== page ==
Ghost Town owner chairs new Visitors Bureau ‘Experience’
Harris is 11-year board member on nonprofit agency
David Harris, owner of the Ghost Town tourist attraction at 21st Street and Highway 24, was recently elected to a one-year term as chair of the Co-lorado Springs
Convention and Visitors Bureau board of directors.
He has been a board member since 1995 and previously served as chair in 2002-03.
The election took place in a time of change for the 26-year-old tourism-promotion agency, signaled by the name it's now going by: “Experience Colorado Springs at Pikes Peak.”
The nonprofit entity has also made widespread bylaw changes - the most visible being the size of the board, which has been reduced from 25 members to 9 this year. “We (the board of directors) used to have an executive board that reported back to get approval,” Harris explained. “Now we (the smaller board) are doing the business of the old executive board.” He said this allows the bureau as a whole “to be more nimble.”
Unaltered is the entity's main goal, which is to lure families, groups and conventions to Colorado Springs so as to beef up the city's economy, Harris said.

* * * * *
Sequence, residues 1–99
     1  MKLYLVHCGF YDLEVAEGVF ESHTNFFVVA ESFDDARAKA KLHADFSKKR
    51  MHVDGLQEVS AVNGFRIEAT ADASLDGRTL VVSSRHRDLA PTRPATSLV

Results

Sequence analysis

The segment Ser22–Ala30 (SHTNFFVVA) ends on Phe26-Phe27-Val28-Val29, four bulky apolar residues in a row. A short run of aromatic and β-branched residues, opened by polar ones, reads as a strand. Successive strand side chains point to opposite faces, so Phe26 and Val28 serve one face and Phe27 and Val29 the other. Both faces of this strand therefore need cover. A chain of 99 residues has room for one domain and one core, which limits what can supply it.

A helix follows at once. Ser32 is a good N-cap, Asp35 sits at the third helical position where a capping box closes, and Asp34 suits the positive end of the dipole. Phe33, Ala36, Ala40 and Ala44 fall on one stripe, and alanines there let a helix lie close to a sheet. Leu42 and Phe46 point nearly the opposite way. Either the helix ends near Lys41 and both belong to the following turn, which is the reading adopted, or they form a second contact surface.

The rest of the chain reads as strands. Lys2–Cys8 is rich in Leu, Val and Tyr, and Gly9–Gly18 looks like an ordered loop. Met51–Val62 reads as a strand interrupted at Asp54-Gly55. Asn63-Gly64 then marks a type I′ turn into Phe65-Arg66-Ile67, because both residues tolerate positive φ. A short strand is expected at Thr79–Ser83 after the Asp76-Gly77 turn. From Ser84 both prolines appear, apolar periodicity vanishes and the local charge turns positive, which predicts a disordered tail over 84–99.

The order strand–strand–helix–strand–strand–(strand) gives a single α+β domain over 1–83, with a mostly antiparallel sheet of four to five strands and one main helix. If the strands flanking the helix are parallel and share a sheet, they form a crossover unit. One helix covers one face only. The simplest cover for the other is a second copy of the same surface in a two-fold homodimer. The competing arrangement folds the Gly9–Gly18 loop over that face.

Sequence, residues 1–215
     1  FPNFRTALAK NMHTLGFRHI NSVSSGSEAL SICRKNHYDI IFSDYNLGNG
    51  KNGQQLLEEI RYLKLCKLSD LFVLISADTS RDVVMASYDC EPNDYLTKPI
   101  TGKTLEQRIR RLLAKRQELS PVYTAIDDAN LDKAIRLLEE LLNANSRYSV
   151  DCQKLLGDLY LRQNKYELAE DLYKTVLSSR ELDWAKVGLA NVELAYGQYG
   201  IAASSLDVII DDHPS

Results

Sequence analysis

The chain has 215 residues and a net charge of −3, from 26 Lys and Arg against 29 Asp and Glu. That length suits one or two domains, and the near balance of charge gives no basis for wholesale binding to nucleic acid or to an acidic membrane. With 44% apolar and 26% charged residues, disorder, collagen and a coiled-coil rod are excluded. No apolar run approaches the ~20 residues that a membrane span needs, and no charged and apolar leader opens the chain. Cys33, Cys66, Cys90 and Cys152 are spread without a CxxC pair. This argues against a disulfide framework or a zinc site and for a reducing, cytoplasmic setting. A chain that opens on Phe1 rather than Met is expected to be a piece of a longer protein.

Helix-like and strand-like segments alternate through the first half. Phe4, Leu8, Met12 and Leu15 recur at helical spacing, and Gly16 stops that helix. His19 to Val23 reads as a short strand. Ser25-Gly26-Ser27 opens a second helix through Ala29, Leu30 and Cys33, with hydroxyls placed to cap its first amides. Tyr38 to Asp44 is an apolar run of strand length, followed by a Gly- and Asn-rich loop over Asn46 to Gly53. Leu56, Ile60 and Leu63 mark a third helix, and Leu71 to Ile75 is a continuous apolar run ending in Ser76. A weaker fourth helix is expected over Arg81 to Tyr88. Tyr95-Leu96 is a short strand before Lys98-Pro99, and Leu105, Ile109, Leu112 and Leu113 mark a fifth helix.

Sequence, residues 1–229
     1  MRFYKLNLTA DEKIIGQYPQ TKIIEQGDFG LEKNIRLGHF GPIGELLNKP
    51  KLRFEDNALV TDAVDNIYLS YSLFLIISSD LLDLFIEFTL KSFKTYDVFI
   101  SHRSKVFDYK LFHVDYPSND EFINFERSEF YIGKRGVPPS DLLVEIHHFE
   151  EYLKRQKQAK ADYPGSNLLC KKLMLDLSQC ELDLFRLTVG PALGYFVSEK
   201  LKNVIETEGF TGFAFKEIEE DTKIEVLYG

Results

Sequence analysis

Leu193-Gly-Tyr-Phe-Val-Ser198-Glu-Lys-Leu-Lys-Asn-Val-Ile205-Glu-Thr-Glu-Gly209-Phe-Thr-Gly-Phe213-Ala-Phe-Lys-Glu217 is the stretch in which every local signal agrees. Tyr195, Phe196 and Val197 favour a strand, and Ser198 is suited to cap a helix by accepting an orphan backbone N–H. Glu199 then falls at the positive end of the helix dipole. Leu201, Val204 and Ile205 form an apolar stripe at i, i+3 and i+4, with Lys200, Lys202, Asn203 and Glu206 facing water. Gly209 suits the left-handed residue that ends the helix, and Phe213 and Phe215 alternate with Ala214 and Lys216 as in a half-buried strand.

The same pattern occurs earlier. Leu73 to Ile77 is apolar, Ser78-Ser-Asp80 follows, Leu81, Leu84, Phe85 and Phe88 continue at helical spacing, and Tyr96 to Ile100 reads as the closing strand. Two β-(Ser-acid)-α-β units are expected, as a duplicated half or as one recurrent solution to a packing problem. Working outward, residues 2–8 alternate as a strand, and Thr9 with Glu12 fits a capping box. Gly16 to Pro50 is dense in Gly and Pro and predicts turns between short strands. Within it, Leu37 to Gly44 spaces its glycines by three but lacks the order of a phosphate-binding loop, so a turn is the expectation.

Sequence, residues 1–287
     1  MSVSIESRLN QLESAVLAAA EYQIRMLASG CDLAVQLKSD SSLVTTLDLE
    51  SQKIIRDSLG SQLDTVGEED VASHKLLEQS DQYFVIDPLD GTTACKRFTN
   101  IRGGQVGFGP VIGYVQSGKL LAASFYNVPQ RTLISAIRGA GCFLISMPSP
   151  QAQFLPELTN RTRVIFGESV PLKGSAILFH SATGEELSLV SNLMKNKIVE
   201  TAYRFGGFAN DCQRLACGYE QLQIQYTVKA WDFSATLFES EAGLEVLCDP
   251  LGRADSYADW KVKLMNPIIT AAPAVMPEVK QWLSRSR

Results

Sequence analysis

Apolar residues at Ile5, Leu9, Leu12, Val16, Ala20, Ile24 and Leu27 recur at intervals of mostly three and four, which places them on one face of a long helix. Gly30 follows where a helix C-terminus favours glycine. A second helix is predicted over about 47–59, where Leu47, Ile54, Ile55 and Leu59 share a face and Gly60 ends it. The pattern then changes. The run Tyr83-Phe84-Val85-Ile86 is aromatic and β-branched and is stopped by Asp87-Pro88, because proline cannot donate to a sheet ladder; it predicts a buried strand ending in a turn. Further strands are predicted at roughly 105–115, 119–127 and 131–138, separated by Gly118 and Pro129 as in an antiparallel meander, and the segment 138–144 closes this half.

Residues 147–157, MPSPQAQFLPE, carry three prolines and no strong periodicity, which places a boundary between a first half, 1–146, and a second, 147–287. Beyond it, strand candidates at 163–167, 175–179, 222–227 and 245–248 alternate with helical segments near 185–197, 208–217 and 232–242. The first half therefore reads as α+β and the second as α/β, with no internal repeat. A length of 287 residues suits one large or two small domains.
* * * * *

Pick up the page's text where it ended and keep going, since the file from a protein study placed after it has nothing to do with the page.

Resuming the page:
The bureau's $3.5 million annual budget comes from membership (20 percent) and a portion of the city sales tax on lodging and car rentals (80 percent). The downtown office has 20 full-time and 5 part-time employees.
Bureau findings show that, when it comes to visitor popularity, Old Colorado City is “among the top five” places that people go in Colorado Springs, Harris said. And in Old Colorado City, Michael Garman's is a particular draw.
The Westside is also likely to benefit from contemporary tourist trends in favor of bed-and-breakfasts and outdoor activities, he noted.
Harris' family has owned Ghost Town - housed inside a former Midland Railroad building - since 1954. He is also vice president of Pikes Peak Attractions, which focuses on promoting tourist attractions (such as Ghost Town) in the Pikes Peak region.
Westside Pioneer article